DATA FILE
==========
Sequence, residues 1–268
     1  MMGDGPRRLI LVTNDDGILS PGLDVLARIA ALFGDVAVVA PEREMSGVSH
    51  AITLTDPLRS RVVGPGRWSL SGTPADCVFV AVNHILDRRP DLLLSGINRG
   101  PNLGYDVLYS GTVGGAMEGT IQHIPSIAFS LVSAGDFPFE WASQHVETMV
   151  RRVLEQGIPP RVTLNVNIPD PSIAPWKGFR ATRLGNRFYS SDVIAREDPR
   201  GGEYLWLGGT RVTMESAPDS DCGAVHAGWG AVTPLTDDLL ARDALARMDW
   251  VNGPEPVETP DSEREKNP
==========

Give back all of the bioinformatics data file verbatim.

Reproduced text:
Sequence, residues 1–268
     1  MMGDGPRRLI LVTNDDGILS PGLDVLARIA ALFGDVAVVA PEREMSGVSH
    51  AITLTDPLRS RVVGPGRWSL SGTPADCVFV AVNHILDRRP DLLLSGINRG
   101  PNLGYDVLYS GTVGGAMEGT IQHIPSIAFS LVSAGDFPFE WASQHVETMV
   151  RRVLEQGIPP RVTLNVNIPD PSIAPWKGFR ATRLGNRFYS SDVIAREDPR
   201  GGEYLWLGGT RVTMESAPDS DCGAVHAGWG AVTPLTDDLL ARDALARMDW
   251  VNGPEPVETP DSEREKNP